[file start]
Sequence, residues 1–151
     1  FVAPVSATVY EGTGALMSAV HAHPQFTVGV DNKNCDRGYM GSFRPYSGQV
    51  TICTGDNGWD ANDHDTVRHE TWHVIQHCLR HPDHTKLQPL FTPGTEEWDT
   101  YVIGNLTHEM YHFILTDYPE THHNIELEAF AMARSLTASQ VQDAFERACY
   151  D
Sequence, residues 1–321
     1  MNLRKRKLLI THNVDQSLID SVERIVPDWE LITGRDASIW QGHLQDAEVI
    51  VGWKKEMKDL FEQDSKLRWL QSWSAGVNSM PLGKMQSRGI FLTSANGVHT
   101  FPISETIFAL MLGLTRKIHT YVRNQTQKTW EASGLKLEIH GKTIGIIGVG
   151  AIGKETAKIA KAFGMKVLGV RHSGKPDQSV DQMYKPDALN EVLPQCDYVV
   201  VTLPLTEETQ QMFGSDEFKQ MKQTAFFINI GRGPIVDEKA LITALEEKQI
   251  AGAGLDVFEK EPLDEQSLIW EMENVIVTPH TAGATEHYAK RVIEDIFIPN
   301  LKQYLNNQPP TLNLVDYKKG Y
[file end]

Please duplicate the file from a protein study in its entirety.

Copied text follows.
Sequence, residues 1–151
     1  FVAPVSATVY EGTGALMSAV HAHPQFTVGV DNKNCDRGYM GSFRPYSGQV
    51  TICTGDNGWD ANDHDTVRHE TWHVIQHCLR HPDHTKLQPL FTPGTEEWDT
   101  YVIGNLTHEM YHFILTDYPE THHNIELEAF AMARSLTASQ VQDAFERACY
   151  D
Sequence, residues 1–321
     1  MNLRKRKLLI THNVDQSLID SVERIVPDWE LITGRDASIW QGHLQDAEVI
    51  VGWKKEMKDL FEQDSKLRWL QSWSAGVNSM PLGKMQSRGI FLTSANGVHT
   101  FPISETIFAL MLGLTRKIHT YVRNQTQKTW EASGLKLEIH GKTIGIIGVG
   151  AIGKETAKIA KAFGMKVLGV RHSGKPDQSV DQMYKPDALN EVLPQCDYVV
   201  VTLPLTEETQ QMFGSDEFKQ MKQTAFFINI GRGPIVDEKA LITALEEKQI
   251  AGAGLDVFEK EPLDEQSLIW EMENVIVTPH TAGATEHYAK RVIEDIFIPN
   301  LKQYLNNQPP TLNLVDYKKG Y